This article relies largely or entirely on a single source. (September 2022)
De natura rerum is a treatise by the Anglo-Saxon monk Bede, composed in 703 as a companion-piece to his De temporibus ('on times'). In the view of Eoghan Ahern, 'though it is an early work that does not approach the complexity and innovation of Bede's later thought, DNR provides us with an insight into the cosmological assumptions that undergird his understanding of theology and history'.
The work comprises fifty-one short chapters with titles such as:
- De Quadrifario dei opere (on the fourfold work of God)
- De mundi formatione (on the formation of the earth)
- Quid sit mundus (what the world is)
- De elementis (on the elements)
- De firmamento (on heaven)
- De varia altitudine cœli (on the differing height of the sky)
- De cœlo superiore (on the upper sky)
- De aquis cœlestibus (on the celestial waters)
- De quinque circulis mundi (on the five circles of the earth)
- De plagis mundi (on the climes of the earth)
- De stellis (on the stars)
- De cursu planetarum (on the course of the planets)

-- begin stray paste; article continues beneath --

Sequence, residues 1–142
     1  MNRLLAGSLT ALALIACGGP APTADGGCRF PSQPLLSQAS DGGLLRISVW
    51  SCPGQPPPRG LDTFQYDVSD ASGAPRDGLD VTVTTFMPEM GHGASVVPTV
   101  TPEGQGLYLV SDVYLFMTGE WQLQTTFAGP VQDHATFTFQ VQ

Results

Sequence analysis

- De ordine eorum (on their arrangement)
For example, chapter 3, 'Quid sit mundus' ('what the world is') runs:
Mundus est universitas omnis, quæ constat ex cœlo et terra, quatuor elementis in speciem orbis absoluti globata: igne, quo sidera lucent; aere, quo cuncta viventia spirant: aquis, quæ terram cingendo et penetrando communiunt: atque ipsa terra, quæ mundi media atque ima, librata volubili circa eam universitate pendet immobilis.
The world is the whole of everything, which is constituted by the sky and the land, the four elements in the form of a completely rounded sphere: fire, by which the stars shine; air, which all living things breathe; waters, which surround the land, encircling and penetrating; and the land itself, which is the middle and core of the world, hanging unmoving, with everything turning in equilibrium around it.
- Eoghan Ahern, 'De Natura Rerum', The Literary Encyclopedia. Volume 1.2.1.01: Anglo Saxon England, 500-1066, ed. by Richard William Dance and Hugh Magennis (2016).